Dissolution of the Dáil
The Irish Constitution (Bunreacht na hÉireann) states that the Dáil (one of the houses of Parliament) shall not continue for a period longer than 7 years. It also states that legislation can fix a shorter period for the duration of the Dáil. Since 1927, the law states that the maximum period for the duration of the Dáil is 5 years. This means that there must be a general election at least every 5 years. There is no minimum period for the duration of the Dáil.
The President of Ireland has the power to dissolve the Dáil so that a general election must be held. If the Taoiseach has the support of the majority of the members of the Dáil, and he or she advises the President to dissolve the Dáil, the President must do so. If the Taoiseach does not have the support of the majority of the members of the Dáil, the President may refuse to dissolve the Dáil.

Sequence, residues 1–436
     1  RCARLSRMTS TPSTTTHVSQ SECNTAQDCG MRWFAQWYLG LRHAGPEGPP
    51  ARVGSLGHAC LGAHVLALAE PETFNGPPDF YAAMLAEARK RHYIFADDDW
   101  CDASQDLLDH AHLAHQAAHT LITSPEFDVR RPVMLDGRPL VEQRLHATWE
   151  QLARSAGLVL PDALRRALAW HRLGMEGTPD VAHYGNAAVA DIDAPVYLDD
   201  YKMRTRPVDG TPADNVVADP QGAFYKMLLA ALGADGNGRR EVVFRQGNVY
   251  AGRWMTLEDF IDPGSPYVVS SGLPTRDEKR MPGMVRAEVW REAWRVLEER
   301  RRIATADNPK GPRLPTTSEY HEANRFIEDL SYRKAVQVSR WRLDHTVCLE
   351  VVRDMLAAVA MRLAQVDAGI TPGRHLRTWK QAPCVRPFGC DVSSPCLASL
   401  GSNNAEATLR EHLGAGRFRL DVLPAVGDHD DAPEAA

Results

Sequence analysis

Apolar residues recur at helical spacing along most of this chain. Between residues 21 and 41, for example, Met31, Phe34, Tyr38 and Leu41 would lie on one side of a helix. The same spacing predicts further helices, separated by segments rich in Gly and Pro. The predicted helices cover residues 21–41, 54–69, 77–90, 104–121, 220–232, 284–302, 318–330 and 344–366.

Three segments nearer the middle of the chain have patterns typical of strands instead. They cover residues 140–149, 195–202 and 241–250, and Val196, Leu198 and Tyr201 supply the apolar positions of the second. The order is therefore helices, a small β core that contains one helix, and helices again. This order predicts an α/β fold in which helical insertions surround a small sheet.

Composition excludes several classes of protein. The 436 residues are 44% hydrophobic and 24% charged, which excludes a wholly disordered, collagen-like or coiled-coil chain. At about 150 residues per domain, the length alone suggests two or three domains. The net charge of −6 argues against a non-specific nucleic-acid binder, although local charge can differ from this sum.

The Constitution states that once the President issues a proclamation dissolving the Dáil, a general election must be held within 30 days. After the President issues the proclamation, the Clerk of the Dáil issues a writ to the returning officer in each constituency directing them to hold an election of the prescribed number of members.
The Minister for Housing, Planning and Local Government appoints the polling day which must be between the 18th and 25th day (excluding Good Friday, Sundays and public holidays) after the issue of the writ. The Minister also appoints the polling period which must consist of at least 12 hours between 7am and 10.30pm.